2236) would also have placed an arbitrary cap on damages awarded against
small businesses and would have increased the burden of proof for plaintiffs,
making it even more difficult for injured parties to win lawsuits. The
legislation had been negotiated by the White House with industry and business
groups, bypassing consumer organizations.
The Senate will soon vote on a bill (S.1301)
that will make it harder to collect past-due child support and alimony.
Women could also lose household goods and become responsible for the credit
card debts of their former husbands. The legislation, pushed by huge
credit card companies, is opposed by NOW,
as well as by numerous bankruptcy judges, legal scholars and consumer groups.
The vote is expected to be close, as the banking industry is putting enormous
pressure on members of Congress (and giving them a fortune in campaign
contributions) to pass the bill this year.
Fay Clayton, NOW's attorney in the successful racketeering case against
Joe Scheidler and Operation Rescue, NOW
v. Scheidler, testified before the U. S. House Crime Subcommittee in
late July. (For more on reproductive rights issues see cover story.)
NOW Vice President Action Elizabeth
Toledo testified before the Senate Banking, Housing and Urban Affairs
Committee in late July on the need to prohibit mandatory arbitration in
the securities industry. Toledo said, "Mandatory arbitration effectively
guts the civil rights laws and allows the securities industry to lag behind
other professional fields in hiring, working conditions and promotion of
women and people of color."
Advocates are saying "We told you so!" Evidence from a recent
New Jersey study (which the state apparently tried to keep under wraps)
shows that denial of additional benefits for a child born to a woman on
welfare (often called family caps) leads to an increase in the number
of abortions, as NOW and other advocates
for poor women warned prior to passage of the 1996 welfare repeal bill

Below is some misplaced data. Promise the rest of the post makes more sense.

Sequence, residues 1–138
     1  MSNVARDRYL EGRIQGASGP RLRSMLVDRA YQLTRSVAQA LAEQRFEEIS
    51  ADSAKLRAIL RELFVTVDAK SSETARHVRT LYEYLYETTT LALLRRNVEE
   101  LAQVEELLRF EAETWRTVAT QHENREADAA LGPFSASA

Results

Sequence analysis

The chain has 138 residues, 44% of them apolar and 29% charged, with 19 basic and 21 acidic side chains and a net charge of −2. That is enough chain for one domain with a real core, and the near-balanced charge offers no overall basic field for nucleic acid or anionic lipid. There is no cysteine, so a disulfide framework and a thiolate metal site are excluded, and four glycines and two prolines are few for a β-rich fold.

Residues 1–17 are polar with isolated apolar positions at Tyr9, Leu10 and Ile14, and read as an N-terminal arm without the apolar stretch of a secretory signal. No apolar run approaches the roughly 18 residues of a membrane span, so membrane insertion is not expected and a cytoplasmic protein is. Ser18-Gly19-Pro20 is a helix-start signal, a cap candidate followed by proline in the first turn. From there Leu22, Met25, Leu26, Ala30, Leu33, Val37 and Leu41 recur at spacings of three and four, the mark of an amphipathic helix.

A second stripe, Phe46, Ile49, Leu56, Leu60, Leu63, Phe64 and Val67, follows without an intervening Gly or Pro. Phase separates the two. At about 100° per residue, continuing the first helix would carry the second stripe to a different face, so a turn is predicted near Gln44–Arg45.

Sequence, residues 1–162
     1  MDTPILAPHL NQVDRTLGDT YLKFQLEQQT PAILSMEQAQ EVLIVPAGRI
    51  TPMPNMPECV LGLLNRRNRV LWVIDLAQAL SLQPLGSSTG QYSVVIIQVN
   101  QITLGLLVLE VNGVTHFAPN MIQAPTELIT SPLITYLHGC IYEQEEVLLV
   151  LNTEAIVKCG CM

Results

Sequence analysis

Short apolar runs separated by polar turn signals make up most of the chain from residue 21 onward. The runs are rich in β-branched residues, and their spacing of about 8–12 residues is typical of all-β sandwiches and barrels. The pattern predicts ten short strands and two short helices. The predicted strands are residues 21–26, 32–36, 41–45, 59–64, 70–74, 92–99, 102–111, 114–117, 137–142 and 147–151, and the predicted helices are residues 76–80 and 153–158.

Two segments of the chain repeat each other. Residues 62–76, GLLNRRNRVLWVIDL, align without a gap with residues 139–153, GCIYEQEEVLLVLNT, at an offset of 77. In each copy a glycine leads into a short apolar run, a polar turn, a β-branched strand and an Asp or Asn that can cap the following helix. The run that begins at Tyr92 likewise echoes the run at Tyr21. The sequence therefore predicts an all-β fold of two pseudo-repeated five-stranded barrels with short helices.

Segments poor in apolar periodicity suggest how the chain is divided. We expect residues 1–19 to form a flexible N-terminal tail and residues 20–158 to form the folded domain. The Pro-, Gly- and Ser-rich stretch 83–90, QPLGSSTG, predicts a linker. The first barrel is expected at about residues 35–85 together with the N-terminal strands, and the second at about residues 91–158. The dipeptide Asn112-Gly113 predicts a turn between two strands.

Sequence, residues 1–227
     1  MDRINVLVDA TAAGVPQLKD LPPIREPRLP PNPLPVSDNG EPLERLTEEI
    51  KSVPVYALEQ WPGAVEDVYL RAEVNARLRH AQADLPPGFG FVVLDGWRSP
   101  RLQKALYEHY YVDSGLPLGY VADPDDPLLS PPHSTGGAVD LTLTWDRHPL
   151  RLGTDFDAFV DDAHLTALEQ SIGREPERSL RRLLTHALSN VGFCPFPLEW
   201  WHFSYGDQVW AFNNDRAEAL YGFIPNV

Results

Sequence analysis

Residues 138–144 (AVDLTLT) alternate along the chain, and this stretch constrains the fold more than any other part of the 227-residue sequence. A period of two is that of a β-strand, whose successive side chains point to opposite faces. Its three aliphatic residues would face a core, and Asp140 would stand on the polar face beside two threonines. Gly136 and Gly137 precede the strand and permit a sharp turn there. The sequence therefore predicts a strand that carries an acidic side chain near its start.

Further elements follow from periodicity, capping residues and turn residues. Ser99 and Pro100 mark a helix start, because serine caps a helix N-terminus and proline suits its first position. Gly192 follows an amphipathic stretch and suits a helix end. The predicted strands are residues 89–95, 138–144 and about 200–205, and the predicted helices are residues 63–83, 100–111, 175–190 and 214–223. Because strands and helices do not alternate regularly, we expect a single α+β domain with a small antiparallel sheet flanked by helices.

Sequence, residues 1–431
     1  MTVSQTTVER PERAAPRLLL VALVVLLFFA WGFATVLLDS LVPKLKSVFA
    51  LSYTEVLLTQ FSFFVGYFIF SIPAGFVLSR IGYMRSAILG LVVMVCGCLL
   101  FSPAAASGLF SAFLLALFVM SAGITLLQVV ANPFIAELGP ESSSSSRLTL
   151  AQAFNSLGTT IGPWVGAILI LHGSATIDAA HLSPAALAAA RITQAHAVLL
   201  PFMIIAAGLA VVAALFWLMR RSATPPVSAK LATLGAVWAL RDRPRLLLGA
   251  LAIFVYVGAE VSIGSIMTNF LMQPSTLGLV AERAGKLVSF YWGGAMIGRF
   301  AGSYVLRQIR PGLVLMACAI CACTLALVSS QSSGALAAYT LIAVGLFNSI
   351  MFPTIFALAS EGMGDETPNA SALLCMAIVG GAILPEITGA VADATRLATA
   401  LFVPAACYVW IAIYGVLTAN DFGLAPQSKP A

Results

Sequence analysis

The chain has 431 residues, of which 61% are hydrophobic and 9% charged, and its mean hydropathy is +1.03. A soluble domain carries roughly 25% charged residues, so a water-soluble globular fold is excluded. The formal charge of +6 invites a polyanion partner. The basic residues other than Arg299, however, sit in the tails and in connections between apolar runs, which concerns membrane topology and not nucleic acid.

by Congress. The author of this restrictive provision, Rep. Chris
Smith, R-N.J., is now offering legislation (H.R.
4066) that would prohibit states from imposing family caps.
The nomination of Ida Castro, acting director of the Women's
Bureau at the U.S. Department of Labor, to become chair of the
Equal Employment Opportunity Commission
(EEOC) is pending in the Senate Committee on Labor, Health and Human Services
and Education, following a hearing in late July. Castro, an attorney, was
the first Hispanic woman to earn tenure as an Associate Professor at Rutgers
University and has an extensive professional background in employment law.
Please take time to urge your Senators
to approve her nomination quickly.
Battered immigrant women:
The Senate passed legislation in late July to extend protection for
battered immigrant women as past of the Commerce/Justice/State Appropriations
2260). Contact your U.S. Representative and urge support
for the VAWA Restoration Act (H.R.
4291), an important bill that returns some critical protection for
battered immigrant women - protection that was included under the original
VAWA, but has been eroded by subsequent immigration legislation. This act
would allow battered immigrant women to escape from their abusive U.S.
citizen or permanent resident spouses without fear of deportation or other
To receive free copies of any of the above bills, connect to http://thomas.loc.gov/
or call your U.S. Senator or
Representative at 202-224-3121.
A monthly Legislative Update is mailed to NOW leadership. You can
connect to www.now.org/issues/legislat/
to read the monthly update and anyone can receive it by joining NOW's
Action Alert e-mail list. Send an e-mail to email@example.com
with the message "subscribe now-action-list" (without the quote marks).